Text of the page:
Posts Tagged ‘piano’
Beethoven fans should be flocking to Bass Performance Hall this weekend for the Fort Worth Symphony’s three-day festival saluting the popular German composer. A different symphony will be heard each night: the Third, R...
Listening to Fontaine Brown’s Tales from the Fence Line is almost like plugging in an old AM radio and picking up some ghost station playing early 1960s roadhouse R&B, with the emphasis on the blues. It’s kinda ...
Several weeks ago, the Frisbee players and sun-worshippers and dog-walkers who normally take advantage of the big lawn just west of the Kimbell Art Museum found their routines interrupted by two drilling rigs that, over three o...
A major piano festival and one of the best piano schools around play softly at TCU.
On a lazy summer evening at TCU’s Ed Landreth Auditorium, a casual observer probably couldn’t tell that one of Fort Worth’s most significant musical events is taking place.
The last great pianist from the country of Argentina was Martha Argerich, the sultry, eccentric, reclusive, unpredictable keyboard wizard who lit up the 1960s and ’70s with her volcanic musicianship.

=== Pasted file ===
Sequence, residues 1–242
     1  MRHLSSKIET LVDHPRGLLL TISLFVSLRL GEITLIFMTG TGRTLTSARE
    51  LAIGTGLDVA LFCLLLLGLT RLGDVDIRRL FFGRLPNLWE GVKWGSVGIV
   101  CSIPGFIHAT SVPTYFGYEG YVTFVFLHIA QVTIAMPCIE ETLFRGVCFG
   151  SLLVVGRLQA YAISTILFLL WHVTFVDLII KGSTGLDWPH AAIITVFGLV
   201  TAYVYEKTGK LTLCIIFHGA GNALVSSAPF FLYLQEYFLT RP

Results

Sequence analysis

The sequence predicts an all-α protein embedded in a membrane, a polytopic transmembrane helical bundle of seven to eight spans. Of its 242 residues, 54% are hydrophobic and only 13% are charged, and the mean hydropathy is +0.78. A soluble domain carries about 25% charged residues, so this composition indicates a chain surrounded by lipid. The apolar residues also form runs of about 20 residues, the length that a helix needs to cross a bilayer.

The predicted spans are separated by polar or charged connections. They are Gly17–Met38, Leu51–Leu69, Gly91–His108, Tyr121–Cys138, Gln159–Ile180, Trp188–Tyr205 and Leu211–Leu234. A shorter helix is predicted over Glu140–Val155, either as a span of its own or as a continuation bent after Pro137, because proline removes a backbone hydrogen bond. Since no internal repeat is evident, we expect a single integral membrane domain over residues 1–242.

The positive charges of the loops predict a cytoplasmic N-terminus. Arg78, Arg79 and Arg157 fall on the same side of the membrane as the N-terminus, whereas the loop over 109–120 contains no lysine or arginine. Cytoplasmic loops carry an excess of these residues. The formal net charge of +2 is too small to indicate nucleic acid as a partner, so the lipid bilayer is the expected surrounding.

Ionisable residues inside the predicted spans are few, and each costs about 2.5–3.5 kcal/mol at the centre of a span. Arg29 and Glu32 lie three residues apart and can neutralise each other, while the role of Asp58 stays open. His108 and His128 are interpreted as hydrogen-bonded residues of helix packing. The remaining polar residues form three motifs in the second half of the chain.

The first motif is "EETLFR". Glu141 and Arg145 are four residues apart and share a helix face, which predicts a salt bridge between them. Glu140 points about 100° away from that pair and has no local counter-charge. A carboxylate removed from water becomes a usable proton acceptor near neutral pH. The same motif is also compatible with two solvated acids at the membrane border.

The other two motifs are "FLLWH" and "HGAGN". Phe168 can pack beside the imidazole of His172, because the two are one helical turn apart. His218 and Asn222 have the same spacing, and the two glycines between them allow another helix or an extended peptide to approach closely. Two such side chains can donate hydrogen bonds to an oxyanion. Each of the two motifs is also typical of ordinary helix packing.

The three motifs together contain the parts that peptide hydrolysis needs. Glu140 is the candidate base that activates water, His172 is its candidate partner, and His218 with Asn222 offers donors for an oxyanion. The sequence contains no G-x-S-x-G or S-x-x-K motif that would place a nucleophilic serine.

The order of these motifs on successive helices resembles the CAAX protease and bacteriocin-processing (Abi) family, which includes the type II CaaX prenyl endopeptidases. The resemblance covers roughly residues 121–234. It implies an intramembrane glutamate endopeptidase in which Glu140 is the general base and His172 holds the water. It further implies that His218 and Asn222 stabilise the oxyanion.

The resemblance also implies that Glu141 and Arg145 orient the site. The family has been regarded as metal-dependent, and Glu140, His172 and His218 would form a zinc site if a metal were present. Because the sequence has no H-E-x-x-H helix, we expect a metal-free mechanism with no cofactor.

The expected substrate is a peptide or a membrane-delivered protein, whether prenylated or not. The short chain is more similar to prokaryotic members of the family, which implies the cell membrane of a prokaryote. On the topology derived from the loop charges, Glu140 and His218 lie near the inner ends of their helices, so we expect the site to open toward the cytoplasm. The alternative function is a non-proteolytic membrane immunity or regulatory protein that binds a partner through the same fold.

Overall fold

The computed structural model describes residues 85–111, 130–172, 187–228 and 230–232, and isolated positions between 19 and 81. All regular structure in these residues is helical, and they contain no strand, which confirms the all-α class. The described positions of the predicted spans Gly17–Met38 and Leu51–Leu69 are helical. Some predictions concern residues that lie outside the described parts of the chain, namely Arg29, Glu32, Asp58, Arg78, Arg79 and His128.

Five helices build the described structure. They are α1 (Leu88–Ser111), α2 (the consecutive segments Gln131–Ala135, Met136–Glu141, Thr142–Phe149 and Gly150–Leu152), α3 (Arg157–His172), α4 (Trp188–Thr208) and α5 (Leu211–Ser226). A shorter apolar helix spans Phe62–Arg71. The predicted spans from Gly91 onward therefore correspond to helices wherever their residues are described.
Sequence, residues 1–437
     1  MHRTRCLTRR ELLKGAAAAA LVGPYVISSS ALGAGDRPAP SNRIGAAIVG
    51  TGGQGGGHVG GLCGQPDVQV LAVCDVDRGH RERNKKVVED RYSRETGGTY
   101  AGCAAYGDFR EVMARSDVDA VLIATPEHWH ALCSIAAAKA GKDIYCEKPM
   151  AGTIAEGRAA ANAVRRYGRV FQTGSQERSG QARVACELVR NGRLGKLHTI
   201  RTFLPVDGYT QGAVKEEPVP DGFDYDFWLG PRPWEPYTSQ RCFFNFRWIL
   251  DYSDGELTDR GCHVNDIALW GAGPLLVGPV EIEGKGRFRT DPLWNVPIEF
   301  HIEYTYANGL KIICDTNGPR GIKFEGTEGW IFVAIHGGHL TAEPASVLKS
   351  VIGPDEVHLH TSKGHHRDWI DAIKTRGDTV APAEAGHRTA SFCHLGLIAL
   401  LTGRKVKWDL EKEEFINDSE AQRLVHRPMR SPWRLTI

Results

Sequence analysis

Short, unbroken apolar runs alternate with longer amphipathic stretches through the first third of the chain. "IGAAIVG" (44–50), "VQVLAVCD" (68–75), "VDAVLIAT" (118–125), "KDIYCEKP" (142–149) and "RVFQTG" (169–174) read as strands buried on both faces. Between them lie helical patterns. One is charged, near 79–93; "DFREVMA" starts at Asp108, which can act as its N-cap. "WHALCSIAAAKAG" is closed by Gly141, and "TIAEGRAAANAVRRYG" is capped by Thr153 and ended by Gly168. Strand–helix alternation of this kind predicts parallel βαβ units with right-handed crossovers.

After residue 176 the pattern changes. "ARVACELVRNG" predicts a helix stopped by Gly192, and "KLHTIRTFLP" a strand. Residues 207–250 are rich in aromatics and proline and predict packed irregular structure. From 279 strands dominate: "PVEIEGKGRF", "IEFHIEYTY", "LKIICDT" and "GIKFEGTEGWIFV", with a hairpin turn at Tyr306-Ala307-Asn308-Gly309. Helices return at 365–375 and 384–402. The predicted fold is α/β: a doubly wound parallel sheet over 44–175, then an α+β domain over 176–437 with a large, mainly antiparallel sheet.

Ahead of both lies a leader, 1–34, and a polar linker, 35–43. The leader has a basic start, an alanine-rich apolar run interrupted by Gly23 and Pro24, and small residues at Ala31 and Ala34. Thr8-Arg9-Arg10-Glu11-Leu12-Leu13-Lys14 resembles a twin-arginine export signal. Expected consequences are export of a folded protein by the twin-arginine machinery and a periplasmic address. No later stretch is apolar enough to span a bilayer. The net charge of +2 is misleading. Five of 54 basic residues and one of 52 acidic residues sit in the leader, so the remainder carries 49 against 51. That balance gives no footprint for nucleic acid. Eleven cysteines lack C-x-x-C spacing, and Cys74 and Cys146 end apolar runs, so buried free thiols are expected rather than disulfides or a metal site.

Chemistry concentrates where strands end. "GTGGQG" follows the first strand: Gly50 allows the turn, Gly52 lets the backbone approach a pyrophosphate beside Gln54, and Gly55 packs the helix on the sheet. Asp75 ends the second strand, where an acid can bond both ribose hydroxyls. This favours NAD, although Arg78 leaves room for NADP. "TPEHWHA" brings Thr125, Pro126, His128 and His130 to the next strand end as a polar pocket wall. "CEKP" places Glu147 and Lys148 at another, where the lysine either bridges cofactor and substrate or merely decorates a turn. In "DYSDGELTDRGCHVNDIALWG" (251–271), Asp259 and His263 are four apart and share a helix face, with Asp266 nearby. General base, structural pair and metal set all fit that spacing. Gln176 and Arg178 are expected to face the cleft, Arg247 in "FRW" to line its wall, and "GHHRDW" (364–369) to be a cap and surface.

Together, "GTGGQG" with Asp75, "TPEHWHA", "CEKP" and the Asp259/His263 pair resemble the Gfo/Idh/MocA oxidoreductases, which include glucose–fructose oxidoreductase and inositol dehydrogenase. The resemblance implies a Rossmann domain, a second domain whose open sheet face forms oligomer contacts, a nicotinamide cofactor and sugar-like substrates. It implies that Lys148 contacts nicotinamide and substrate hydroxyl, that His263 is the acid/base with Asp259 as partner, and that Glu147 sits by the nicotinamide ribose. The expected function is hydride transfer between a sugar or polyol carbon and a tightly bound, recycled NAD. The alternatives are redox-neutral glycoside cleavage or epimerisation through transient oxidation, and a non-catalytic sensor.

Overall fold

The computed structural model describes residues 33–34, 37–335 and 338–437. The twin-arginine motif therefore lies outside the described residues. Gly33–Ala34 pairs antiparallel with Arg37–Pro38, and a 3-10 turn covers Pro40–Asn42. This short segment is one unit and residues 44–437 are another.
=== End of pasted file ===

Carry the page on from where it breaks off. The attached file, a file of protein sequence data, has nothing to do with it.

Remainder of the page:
Samuel James’ version of the blues mixes tradition, sly humor, and a knowing wink with a steady, almost hypnotic acoustic beat.
Lang Lang became interested in classical music the same way that many of us took our first interest in it: through Saturday morning cartoons.
Though traditional C&W singer-songwriter Ginny Mac has just graduated from college, she’s old-school Old West.
Ginny Mac is a throwback of sorts. The slight, shy twentysomething Fort Worthian lives somewhere between her laptop and the vintage Western wear she finds at secondhand stores.
As any good soundtrack should, Honeydripper helps bring the movie to life by creating, along with the scenery and the actors, the atmosphere that lets the DELETE breathe.
Trading in tails for jeans has been a blessing for singer-songwriter Jordan Critz.
Ad-libbing a new ending to a Mozart concerto changed Jordan Critz’ world – not to mention his standing in the piano competition in which he was playing.